Emotions play a significant role in food and are simultaneously linked to initial food preferences. That is according to Renata Januszewska, Global R&D Sensory Manager at Barry Callebaut, who notes that “when our rational thinking comes into play, it can trigger instinctive, emotional, core feelings about something.” Emotions may be natural integrators of the five sensory modalities: vision, hearing, touch, smell and taste, she tells FoodIngredientsFirst.  

Chocolate certainly triggers many positive emotions such as joy, happiness, liking, love, respect or hope. However, Barry Callebaut research shows that some negative emotions may be linked to chocolate with very high cereal or over-roasted flavors. “Flavors inside chocolate can trigger various emotions,” notes Januszewska, highlighting that chocolate with cherry flavor  “includes sweet taste, vegetal, almond, nutty, citrus and orange notes, with lingering, oily aftertaste” and it can evoke emotions including happy-cheerful and loving-beautiful.” 

Moreover, chocolate with a violet scent is appealing to many with floral, rose-like, raspberry-like, honey nuances and can activate mysterious, erotic and flirty feelings,” Januszewska notes. “Caramel is a wonderful flavor with notes of sweet, grilled pineapple and strawberries – it brings emotions like happiness, cheerfulness, relaxation, loving and toffee has an intense sweet taste, buttery flavor, with initial bitter tart note, and brings emotions like sensuality and fun, but also a kind of ‘passiveness,’” she states. 

Sensory lexicons

A professional sensory lexicon is a branch of knowledge, to which people can refer and check if their understanding of certain flavor is aligned with the understanding of field experts. In February 2018, Barry Callebaut published the cocoa and chocolate sensory lexicon, with the objective of harmonizing sensory language internally. “The lexicon lists all kinds of sensory impressions, including those that are obvious to consumers and those that can be detected only by experts,” continues Januszewska. In this sense, the lexicon can help to align understanding of flavors not only for experts, but also for a broader audience of chocolate enthusiasts, she flags. 

In February 2018, Barry Callebaut published the cocoa and chocolate sensory lexicon, with the objective of harmonizing sensory language internally. Pictured; the Ruby Sensory Spider.

“No doubt cultural filters will always factor into such an alignment. When you live in Scandinavia and are used to eating liquorice, you will recognize this attribute in Grenada’s cocoa immediately. However, when you live in Asia and rarely have access to liquorice, you will most probably have a problem in identifying it.”

The aim of a lexicon is to create a fixed, definable meaning for words instead of using more fluid and changeable terms. “Of course, the depth to which someone understands a descriptor depends on his or her level of expertise,” says Januszewska. “As an example, consider that attribute of ‘woody.’ ‘Woody’ can be a generic word, a kind of umbrella, for the following descriptors that mean completely different things: light woody, dark woody or smoked woody, or even resinous. Each of these ‘woody’ impressions will have different volatile aroma compounds responsible for its major sensory characteristic,” she comments. The codification of such sensory attributes brings more insight and reduces disagreements.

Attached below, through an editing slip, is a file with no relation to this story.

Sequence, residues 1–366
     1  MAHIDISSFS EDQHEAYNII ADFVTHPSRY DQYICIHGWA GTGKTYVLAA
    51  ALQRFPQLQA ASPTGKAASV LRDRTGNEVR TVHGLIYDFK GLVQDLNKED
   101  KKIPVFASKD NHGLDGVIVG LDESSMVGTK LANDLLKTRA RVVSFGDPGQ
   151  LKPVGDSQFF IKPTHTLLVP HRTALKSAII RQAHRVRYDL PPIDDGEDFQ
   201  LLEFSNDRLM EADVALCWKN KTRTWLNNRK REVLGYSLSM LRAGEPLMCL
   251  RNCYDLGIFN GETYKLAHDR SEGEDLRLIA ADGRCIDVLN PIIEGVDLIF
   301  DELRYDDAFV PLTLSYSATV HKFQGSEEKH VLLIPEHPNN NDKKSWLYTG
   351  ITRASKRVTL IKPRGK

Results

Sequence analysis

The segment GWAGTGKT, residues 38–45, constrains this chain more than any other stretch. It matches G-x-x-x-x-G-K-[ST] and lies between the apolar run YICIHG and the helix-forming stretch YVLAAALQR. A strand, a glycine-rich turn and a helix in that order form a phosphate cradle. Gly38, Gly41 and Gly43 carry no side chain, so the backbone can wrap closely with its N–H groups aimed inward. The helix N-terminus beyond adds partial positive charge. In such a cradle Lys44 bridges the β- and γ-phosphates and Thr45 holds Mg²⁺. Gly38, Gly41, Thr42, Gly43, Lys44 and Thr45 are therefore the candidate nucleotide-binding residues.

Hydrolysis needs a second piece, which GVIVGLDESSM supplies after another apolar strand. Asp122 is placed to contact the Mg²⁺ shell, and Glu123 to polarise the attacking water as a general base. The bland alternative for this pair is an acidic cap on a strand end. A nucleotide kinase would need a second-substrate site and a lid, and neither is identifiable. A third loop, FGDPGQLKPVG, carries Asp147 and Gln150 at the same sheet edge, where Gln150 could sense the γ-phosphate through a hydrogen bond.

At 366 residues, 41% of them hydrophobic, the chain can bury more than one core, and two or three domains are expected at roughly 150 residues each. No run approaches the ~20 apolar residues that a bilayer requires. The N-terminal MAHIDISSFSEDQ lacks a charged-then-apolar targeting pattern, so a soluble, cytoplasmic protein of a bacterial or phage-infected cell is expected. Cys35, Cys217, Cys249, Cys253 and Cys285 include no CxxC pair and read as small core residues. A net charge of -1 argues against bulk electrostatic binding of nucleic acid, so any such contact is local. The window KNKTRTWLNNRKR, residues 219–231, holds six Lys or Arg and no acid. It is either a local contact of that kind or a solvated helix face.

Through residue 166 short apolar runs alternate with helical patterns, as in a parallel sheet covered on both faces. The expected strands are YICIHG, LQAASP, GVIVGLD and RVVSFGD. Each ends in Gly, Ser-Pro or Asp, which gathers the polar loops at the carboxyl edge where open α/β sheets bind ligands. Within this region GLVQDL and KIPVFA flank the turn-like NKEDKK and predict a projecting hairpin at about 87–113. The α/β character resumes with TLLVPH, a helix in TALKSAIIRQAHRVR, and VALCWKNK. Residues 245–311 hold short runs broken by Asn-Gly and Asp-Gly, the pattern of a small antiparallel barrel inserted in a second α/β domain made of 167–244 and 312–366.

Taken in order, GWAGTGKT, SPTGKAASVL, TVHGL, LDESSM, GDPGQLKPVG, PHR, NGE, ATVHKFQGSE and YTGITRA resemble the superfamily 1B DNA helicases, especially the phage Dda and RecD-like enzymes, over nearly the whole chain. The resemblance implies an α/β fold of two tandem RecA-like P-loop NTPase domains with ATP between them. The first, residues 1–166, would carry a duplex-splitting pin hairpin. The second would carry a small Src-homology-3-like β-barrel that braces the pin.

Barry Callebaut wants to ensure that all its trained panels in Quality Assurance, R&D, as well as its chefs, are highly aligned and have a right set of references to visualize positive or negative flavors. “The aim is to align on the sensory language and also to experiment with fully natural flavors. For off-flavors, we are working with FlavorActiV and we have developed a set of references, available commercially on-line, related to product and process changes or to packaging contamination,” Januszewska explains. 

Commenting on whether new innovations in the industry such as Ruby chocolate and WholeFruitChocolate have changed the industry vocabulary needed, Januszewska says that innovative products created using new ingredients and new processes may present very unique sensory properties. “They may have special flavors and mouth feel impressions. In case of our recent innovations, like Ruby or WholeFruitChocolate, the panels evaluated the products using traditional and innovative sensory methods. These included temporal dominance of sensations and measuring the release of flavors over time.”

“Ruby Chocolate offers an intense sensorial delight, a totally new taste experience: neither bitter, milky nor sweet, but a tension of fresh berry fruitiness and luscious smoothness,” she details. “Meanwhile, WholeFruitChocolate Dark version called ‘Bold’ is a punchy symphony of fresh fruitiness and deep chocolaty notes.” 

By selecting the right terminology for sensory and hidden persuaders of chocolate,Barry Callebaut can narrow down the sensory attributes into eight flavor levels. For these flavors levels, Januszewska says the company further developed the sensory definition, key taste compound, taste description, key aroma compounds, flavor description, notes description, trigeminal effect, smell description, chocolate tasting and finally, indicated associated emotions. 

“The writing process of such lexicon demands efficient collaboration between different experts, resistance to time pressure and solving unexpected challenges, such as creation of special diagrams or pictures,” she concludes.